The painter who escaped Memphis

Artist and founder member of the Memphis group Nathalie Du Pasquier adds model-making to her practice
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An installation view of Nathalie Du Pasquier's new exhibition at Pace in London. Copyright Nathalie Du Pasquier, Courtesy Pace Gallery
An installation view of Nathalie Du Pasquier's new exhibition at Pace in London. Copyright Nathalie Du Pasquier, Courtesy Pace Gallery

What do you call a designer who makes abstract objects and drawings? A painter? A sculptor? There isn’t a word to describe the leap the former member of the Memphis design group, Nathalie Du Pasquier has made from the design studio to the gallery space.

This Bordeaux-born, Milan-based, self-taught artist created textiles and carpets for the Italian post-modern design collective, as well as furniture and other objects, before becoming a painter in 1987. Beginning with figurative works, Du Pasquier went on to develop a more abstract approach, though she never entirely abandoned the design prototyping process.

 

An installation view of Nathalie Du Pasquier's new exhibition at Pace in London. Copyright Nathalie Du Pasquier, Courtesy Pace Gallery
An installation view of Nathalie Du Pasquier's new exhibition at Pace in London. Copyright Nathalie Du Pasquier, Courtesy Pace Gallery

Du Pasquier describes herself as a ‘painter who makes her own models’, and her current show at Pace London shows just how accurate, and yet how tricksy this definition is. Du Pasquier often creates a three-dimensional model, looking something like an architect’s maquette, before reproducing that work in paint. She also builds three-dimensional wall pieces, which again, look like paintings, or wall-mounted presentation boxes, or perhaps some heavily abstracted interior design or architectural project.

 

An installation view of Nathalie Du Pasquier's new exhibition at Pace in London. Copyright Nathalie Du Pasquier, Courtesy Pace Gallery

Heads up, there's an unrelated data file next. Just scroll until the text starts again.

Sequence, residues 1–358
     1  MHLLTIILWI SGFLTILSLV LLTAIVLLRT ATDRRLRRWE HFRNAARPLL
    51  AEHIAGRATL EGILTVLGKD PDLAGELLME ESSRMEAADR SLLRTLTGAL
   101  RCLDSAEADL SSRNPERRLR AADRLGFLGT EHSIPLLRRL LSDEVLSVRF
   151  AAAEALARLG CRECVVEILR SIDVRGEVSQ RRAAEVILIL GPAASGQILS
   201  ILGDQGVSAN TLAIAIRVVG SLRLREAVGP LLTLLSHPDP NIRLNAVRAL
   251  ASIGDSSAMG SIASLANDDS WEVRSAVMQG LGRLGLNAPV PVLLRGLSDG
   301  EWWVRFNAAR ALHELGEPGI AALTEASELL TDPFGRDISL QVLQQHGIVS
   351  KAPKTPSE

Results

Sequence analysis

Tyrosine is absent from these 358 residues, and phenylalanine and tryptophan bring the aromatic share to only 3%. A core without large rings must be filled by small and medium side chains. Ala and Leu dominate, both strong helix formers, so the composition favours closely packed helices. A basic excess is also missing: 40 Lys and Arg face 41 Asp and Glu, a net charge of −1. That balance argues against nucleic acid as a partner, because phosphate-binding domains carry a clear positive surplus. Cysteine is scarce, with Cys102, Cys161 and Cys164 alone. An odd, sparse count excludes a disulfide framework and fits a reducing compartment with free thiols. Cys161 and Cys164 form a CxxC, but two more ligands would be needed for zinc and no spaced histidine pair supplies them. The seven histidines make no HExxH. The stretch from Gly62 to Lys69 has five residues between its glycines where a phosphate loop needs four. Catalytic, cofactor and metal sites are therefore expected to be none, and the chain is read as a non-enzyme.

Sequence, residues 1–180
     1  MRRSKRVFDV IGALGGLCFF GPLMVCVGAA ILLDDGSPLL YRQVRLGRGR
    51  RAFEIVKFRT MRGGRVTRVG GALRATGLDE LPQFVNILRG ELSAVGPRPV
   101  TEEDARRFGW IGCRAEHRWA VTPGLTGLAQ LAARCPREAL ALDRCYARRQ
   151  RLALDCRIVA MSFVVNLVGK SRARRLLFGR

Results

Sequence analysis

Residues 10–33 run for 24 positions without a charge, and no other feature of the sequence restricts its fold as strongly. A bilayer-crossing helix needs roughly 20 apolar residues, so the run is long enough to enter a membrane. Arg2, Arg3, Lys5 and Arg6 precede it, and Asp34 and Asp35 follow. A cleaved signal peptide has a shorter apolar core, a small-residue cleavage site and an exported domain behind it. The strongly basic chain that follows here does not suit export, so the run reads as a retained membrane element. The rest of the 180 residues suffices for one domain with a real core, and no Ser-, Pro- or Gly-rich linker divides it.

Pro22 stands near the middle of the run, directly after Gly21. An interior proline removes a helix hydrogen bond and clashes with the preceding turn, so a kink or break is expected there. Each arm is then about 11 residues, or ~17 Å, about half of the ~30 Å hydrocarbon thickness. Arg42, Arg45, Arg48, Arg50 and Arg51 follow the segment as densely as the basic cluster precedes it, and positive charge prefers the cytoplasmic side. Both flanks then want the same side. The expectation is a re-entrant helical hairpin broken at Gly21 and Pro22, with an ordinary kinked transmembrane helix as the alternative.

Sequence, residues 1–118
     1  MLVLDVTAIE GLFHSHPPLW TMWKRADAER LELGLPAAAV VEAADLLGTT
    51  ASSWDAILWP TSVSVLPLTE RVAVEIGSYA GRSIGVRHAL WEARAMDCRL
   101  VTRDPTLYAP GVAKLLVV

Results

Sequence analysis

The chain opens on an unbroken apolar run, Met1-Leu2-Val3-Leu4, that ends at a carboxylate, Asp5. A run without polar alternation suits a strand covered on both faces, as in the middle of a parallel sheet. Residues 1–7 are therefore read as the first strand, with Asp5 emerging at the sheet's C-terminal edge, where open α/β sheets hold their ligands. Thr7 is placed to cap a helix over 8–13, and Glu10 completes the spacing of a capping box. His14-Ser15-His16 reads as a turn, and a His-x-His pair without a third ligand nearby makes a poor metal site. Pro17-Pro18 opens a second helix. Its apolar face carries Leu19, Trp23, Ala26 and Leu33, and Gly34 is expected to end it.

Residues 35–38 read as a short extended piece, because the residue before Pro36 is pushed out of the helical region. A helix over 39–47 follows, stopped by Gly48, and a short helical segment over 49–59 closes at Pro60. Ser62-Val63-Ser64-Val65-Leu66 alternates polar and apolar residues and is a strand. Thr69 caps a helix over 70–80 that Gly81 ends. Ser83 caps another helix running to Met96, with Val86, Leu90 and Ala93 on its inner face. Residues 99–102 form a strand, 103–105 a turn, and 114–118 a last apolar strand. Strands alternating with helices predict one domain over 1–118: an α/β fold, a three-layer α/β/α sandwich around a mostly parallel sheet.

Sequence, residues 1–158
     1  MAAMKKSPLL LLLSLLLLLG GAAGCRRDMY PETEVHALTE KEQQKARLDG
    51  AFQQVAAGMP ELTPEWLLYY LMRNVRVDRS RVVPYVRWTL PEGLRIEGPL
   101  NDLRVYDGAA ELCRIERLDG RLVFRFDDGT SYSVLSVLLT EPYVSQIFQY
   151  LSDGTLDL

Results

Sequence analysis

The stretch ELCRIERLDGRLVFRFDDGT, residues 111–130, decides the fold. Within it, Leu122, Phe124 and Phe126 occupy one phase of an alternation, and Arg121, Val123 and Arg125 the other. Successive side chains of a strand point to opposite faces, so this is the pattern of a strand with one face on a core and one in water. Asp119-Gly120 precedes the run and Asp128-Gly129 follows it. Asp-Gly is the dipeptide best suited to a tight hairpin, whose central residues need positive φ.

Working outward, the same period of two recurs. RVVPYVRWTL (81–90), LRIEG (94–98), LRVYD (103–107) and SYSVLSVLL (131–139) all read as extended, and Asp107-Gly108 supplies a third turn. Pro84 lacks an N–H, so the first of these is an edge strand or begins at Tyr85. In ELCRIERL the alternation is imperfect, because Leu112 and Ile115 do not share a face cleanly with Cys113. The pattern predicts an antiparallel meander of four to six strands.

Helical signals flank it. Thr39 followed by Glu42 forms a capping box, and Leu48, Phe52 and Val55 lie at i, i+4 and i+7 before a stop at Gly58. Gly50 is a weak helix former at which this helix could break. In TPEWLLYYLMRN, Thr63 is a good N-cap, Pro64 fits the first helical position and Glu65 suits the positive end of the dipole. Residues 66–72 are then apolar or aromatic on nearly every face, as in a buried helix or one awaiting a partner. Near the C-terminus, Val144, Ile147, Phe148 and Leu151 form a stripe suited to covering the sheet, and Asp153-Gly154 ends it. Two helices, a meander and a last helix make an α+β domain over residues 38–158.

An installation view of Nathalie Du Pasquier's new exhibition at Pace in London. Copyright Nathalie Du Pasquier, Courtesy Pace Gallery

Her new show displays both sides of her practice, with a solo exhibition of works mostly created in 2017. It centres on a colourful room, purpose-built within the gallery, displaying equally colourful, abstract canvases, and accompanying models, which, given a light bulb socket or a suitable shelf space, would not look out of place in a Memphis catalogue.

 

An installation view of Nathalie Du Pasquier's new exhibition at Pace in London. Copyright Nathalie Du Pasquier, Courtesy Pace Gallery
An installation view of Nathalie Du Pasquier's new exhibition at Pace in London. Copyright Nathalie Du Pasquier, Courtesy Pace Gallery

Elsewhere on gallery walls, Pace is showing Du Pasquier’s three-dimensional paintings, with their sharp lines, blocky add-ons and cabinet-style edging. Look at them and you might think of Memphis products, or Fernand Léger paintings, or architectural models or city plans. The show’s strength lies in the way Du Pasquier’s art takes in these influences without taking on their limitations.

 

An installation view of Nathalie Du Pasquier's new exhibition at Pace in London. Copyright Nathalie Du Pasquier, Courtesy Pace Gallery
An installation view of Nathalie Du Pasquier's new exhibition at Pace in London. Copyright Nathalie Du Pasquier, Courtesy Pace Gallery

For more on Memphis take a look at our Sottsass books here; for more on contemporary painting get Vitamin P3 and for the show go here


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